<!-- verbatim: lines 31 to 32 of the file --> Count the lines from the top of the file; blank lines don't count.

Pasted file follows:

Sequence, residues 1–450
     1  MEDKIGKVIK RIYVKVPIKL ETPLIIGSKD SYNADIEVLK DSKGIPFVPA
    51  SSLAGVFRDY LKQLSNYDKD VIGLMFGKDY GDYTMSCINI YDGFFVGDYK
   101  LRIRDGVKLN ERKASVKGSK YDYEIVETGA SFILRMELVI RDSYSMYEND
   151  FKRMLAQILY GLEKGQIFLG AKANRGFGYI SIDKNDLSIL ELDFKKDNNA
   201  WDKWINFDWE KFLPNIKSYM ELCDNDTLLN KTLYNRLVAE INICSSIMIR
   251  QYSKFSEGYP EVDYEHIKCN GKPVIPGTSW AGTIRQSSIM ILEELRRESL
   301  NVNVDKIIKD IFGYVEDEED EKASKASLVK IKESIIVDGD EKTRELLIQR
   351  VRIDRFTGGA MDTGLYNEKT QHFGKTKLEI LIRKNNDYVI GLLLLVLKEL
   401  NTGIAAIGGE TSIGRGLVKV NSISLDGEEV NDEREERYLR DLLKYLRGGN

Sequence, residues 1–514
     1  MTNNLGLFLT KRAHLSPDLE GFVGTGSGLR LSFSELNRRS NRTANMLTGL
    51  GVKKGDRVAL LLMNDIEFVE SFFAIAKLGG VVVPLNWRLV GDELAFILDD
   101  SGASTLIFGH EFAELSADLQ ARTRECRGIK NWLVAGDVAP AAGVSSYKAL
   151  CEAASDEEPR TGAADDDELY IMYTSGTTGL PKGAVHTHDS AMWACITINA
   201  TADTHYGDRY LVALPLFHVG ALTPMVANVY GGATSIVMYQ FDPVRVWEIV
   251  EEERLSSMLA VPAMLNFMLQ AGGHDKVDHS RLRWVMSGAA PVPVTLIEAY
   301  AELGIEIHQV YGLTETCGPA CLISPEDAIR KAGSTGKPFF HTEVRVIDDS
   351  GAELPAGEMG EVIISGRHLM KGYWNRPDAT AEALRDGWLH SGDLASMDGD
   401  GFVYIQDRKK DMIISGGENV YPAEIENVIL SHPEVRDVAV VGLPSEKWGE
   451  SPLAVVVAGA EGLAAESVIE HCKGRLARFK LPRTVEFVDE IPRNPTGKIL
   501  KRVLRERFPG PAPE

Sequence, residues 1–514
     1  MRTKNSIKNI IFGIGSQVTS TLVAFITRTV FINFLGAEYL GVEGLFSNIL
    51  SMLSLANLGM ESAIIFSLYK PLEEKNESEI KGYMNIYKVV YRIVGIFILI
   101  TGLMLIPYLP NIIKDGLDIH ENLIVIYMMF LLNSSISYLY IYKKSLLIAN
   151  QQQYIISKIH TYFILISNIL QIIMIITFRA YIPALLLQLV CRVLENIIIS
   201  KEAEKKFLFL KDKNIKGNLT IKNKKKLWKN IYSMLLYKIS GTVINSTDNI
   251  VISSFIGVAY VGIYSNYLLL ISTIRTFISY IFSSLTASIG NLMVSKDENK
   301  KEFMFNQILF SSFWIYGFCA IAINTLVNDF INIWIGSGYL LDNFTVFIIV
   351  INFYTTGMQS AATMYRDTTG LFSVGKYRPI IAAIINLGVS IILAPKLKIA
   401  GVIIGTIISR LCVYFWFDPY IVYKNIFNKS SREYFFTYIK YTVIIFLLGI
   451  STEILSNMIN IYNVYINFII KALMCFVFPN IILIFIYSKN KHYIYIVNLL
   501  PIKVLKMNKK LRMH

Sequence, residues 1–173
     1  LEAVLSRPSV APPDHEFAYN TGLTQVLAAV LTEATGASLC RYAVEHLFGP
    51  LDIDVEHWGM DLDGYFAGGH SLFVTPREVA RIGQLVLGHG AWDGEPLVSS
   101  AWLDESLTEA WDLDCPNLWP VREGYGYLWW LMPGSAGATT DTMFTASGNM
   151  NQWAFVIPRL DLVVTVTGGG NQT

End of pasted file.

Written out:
   351  INFYTTGMQS AATMYRDTTG LFSVGKYRPI IAAIINLGVS IILAPKLKIA
   401  GVIIGTIISR LCVYFWFDPY IVYKNIFNKS SREYFFTYIK YTVIIFLLGI